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 +1, that's much nicer! – Gjergji Zaimi Jul 2 2011 at 0:58 +1 Good idea, thanks. – Sunni Jul 2 2011 at 13:40

sorry, it is not full proof, but too long for comment

By scaling argument, we may suppose $a_i\in [1,A]$, $b_i\in [1,B]$. Note that the difference LHS-RHS is convex function in each $a_i$ and $b_i$ (the function $f(x)=(x^p+M)^{1/p}$ for constants $M>0$ and $p>1$ is convex on $(0,\infty)$). Hence it maximum on a closed segment is attained on one of endpoints. So, without loss of generality $a_i\in \{1,A\}, b_i\in\{1,B\}$. Also, for fixed arrays of $a_i$'s and $b_i$'s the RHS is minimal if large $a$'s are coupled with small $b$'s. It reduces our problem to the 2-parametric problem: number of ones in arrays of $a_i$'s, $b_i$'s. I guess that in the optimal situation number of ones between $a_i$'s equals the number of $B$'s between $b_i$'s, but I do not see any clear proof.

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Here's how one can finish off Fedor's solution. We have $1\le k,r \le n$ and $A,B \geq 1$. We have to prove $$\left(p(AB^q-B)(n-k+kA^p)\right)^{1/p}\left(q(BA^p-A)(n-r+rB^p)\right)^{1/q}\le (A^pB^q-1)S$$ where $S=Ak+Br+(n-k-r)$ when $n\geq k+r$, and $S=B(n-k)+A(n-r)+AB(k+r-n)$ when $k+r\geq n$.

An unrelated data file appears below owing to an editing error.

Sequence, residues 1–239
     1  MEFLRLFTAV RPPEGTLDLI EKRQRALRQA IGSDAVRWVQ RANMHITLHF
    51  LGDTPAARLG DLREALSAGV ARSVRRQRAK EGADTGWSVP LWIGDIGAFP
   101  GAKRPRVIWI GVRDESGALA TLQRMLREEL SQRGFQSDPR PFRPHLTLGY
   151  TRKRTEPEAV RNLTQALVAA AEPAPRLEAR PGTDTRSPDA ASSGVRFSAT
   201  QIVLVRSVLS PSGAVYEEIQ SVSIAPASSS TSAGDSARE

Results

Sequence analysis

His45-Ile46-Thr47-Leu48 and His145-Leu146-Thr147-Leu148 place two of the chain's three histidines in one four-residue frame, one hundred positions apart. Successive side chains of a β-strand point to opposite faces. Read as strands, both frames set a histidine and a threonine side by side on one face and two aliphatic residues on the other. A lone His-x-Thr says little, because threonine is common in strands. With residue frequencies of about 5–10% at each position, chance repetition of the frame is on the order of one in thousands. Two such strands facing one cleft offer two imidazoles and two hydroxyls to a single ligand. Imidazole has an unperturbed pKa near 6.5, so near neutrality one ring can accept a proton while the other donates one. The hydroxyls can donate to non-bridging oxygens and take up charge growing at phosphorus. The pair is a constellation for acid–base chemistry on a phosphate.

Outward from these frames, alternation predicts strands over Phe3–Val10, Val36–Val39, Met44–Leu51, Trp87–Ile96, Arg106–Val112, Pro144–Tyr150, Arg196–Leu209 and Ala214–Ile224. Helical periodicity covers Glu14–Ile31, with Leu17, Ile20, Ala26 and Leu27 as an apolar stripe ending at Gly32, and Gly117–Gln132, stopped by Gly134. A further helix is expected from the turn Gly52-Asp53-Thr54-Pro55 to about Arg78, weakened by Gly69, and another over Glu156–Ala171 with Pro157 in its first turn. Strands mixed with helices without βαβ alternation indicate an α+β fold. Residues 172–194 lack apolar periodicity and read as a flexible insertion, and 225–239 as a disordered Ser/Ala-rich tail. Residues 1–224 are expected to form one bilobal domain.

Using Young's inequality $x^{1/p}y^{1/q}\le \frac{x}{p}+\frac{y}{q}$ on LHS (and after simplifying the expression) we reduce to proving $$(A^p-A)(B^q-B)\geq (A-1)(B-1)$$ in the case $n\geq k+r$, and $$(A-1)(B-1)\geq (1-\frac{1}{A^{p-1}})(1-\frac{1}{B^{q-1}})$$ in the other case.

The first one follows from Bernoulli's inequality, $A^p-A=(1+(A-1))^p-A\geq 1+p(A-1)-A=(p-1)(A-1)$, and similarly $B^q-B\geq (q-1)(B-1)$, now notice that $(p-1)(q-1)=1$.

The second case follows from the arithmetic-geometric mean, we have that $(p-1)A+\frac{1}{A^{p-1}}\geq p$ so $1-\frac{1}{A^{p-1}}\le (p-1)(A-1)$, and similarly for $B$, now just take the product.